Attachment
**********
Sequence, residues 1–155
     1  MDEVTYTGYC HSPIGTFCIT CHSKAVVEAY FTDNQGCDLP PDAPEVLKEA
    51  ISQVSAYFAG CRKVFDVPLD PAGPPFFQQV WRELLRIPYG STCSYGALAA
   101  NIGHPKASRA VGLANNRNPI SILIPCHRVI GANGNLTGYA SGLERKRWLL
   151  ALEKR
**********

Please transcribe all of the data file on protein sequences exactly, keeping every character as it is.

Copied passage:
Sequence, residues 1–155
     1  MDEVTYTGYC HSPIGTFCIT CHSKAVVEAY FTDNQGCDLP PDAPEVLKEA
    51  ISQVSAYFAG CRKVFDVPLD PAGPPFFQQV WRELLRIPYG STCSYGALAA
   101  NIGHPKASRA VGLANNRNPI SILIPCHRVI GANGNLTGYA SGLERKRWLL
   151  ALEKR